While, yes, you do have to comply with the franchisor’s systems … for example, there are 3 pickles on the McDonald’s Big Mac, not 4, not 2 … but 3 and ONLY 3. But, franchises create systems from years of experience and trial and error. That’s one of the greatest reasons for investing in a franchise -- you don’t have to “invent the wheel” yourself.
That said, can you “make the wheel rounder?” The short answer is … absolutely!
Here’s the favorite example I share with my clients: to this day, the best-selling sandwich in the history of McDonald’s is the Big Mac.
The Big Mac was developed by a franchisee!
Cutting and pasting from Wikipedia, here’s a brief history of how this best-selling product came to be:
The Big Mac had two previous names, both of which failed in the marketplace: the Aristocrat, which consumers found difficult to pronounce and understand, and the Blue Ribbon Burger.
The third name, Big Mac, was created by a 21-year-old advertising secretary who worked at McDonald’s corporate headquarters.
The Big Mac proved popular, and it was added to the menu of all U.S. restaurants in 1968.
Even well-established franchises that have hundreds of franchisees and hundreds of units throughout the US, innovation is encouraged. The franchise companies realize they the great advantage of having many, many franchisees who are all working the same processes. With that many smart people operating the same businesses, some franchisees are inevitably going to find ways to accomplish procedures more efficiently and/or effectively.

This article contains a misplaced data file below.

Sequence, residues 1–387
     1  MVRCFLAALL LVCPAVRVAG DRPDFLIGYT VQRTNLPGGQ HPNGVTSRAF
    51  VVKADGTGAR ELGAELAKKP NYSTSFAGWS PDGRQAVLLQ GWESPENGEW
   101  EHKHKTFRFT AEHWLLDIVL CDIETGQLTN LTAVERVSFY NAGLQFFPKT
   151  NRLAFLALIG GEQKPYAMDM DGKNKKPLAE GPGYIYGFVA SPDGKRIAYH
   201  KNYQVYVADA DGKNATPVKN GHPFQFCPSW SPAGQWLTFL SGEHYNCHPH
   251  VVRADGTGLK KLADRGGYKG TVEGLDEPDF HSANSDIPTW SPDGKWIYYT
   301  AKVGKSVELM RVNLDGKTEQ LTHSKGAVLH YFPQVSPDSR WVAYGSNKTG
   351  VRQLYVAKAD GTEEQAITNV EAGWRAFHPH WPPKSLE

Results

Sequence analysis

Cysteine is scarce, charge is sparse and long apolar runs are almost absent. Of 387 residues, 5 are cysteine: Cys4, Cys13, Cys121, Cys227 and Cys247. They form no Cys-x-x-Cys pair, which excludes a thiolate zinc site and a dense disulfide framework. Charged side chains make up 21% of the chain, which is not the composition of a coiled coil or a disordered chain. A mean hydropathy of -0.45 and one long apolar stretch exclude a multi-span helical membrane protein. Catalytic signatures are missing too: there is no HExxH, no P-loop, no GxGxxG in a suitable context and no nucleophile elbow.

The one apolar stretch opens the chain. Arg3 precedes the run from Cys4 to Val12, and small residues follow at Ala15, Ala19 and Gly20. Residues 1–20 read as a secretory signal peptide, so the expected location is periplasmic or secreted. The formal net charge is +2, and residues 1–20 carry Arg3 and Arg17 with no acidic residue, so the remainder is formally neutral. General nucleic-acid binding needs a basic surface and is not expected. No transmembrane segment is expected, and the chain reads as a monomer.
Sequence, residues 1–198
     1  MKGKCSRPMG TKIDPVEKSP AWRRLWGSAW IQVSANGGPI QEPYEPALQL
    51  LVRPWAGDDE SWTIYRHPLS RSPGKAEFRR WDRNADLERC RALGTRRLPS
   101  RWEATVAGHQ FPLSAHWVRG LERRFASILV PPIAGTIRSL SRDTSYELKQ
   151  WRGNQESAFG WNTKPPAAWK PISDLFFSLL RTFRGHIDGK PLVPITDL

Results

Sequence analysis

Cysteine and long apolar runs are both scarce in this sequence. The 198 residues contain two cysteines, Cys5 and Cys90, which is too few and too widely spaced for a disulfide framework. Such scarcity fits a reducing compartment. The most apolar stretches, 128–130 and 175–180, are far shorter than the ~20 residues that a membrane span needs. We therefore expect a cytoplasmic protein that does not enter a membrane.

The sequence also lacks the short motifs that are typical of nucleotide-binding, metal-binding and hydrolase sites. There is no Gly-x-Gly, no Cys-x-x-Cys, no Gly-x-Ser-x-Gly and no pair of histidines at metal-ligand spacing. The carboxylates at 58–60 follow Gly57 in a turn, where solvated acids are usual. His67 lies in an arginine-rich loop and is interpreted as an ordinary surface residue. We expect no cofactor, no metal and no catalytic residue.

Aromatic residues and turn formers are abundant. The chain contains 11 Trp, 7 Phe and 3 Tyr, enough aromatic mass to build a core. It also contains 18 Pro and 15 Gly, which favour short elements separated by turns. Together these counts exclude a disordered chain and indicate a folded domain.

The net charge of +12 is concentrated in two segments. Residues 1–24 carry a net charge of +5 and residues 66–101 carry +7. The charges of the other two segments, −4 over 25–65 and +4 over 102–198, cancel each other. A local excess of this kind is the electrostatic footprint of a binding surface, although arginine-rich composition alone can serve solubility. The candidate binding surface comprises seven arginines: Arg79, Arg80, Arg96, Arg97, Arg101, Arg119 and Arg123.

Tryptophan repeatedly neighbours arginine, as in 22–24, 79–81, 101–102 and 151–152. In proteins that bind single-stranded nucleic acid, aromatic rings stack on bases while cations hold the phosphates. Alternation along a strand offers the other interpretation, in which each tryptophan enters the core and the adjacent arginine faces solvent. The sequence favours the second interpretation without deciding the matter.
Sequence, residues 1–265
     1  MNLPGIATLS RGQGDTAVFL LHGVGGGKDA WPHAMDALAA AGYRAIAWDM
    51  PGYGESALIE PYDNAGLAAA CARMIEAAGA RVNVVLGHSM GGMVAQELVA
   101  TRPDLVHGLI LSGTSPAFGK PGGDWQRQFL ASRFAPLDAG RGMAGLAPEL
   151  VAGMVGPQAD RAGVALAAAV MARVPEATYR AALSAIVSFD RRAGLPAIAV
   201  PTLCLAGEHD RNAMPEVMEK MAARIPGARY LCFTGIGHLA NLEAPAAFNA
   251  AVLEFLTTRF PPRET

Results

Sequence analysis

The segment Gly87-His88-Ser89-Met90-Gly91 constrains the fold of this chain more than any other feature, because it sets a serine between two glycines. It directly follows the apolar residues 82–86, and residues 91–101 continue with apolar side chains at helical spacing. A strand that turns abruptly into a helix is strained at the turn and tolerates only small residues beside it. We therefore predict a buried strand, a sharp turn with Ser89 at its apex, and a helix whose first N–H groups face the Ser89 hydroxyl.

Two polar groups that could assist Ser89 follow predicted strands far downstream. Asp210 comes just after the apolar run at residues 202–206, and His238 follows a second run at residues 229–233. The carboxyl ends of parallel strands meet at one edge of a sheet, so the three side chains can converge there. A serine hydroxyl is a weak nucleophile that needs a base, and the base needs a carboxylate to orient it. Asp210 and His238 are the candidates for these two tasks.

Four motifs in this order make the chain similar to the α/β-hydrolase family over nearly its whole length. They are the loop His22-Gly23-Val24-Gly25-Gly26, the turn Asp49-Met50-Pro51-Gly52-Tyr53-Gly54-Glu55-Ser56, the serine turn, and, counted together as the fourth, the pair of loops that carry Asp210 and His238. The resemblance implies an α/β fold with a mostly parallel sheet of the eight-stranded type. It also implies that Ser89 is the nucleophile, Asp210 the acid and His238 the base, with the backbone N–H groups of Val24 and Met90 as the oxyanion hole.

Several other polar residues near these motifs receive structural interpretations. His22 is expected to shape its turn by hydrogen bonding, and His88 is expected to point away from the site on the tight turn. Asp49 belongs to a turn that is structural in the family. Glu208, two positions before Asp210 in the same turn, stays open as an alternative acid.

Franchise companies embrace this fact and actually create venues to promote improvement and innovation.
Every well-developed franchise company eventually forms a franchise advisory council made up of franchisees from throughout the system. Franchise executives meet with their advisory councils typically each quarter and during these meetings, the executives report on progress from the past quarter and objectives for the next quarter and for the year. But they also use this forum to solicit input from the franchisees.
What’s working well? What’s not working well? How can we improve? What are the franchisees in the field saying? Are there better ways to accomplish what we do?
Even more, at just about every annual conference franchises in any industry conduct, typically each year, they present “round table sessions.” These sessions are usually conducted in large meeting rooms at the franchise convention hotels. In the rooms are a half-dozen or so 20-seat round tables and at each table sit franchise owners who have found a technique to accomplish the systems of the franchises more efficiently and/or effectively.
Franchisees attending the conventions move from table to table every 15 or 20 minutes or so at the sound of a bell in order to be able to learn from each of their fellow franchisees who are hosting round tables.
Franchise companies treasure such events because when a franchisee learns how to improve procedures, advertising, marketing, or operations from a fellow franchisee, the franchisees are quick to adopt the new methods.
No … franchising is not a “Straitjacket.”
There is plenty of room for innovation and improvement and many franchise owners enjoy helping the entire franchise system evolve, improve and thrive.
Who knows? After you invest in a franchise, you just might be the franchise owner who creates your franchise system’s “Big Mac!”
Dave Cooley, Franchise Consultant
Let’s learn more about franchising together.
Call me: 720.259.9475 (Denver – Mountain Time)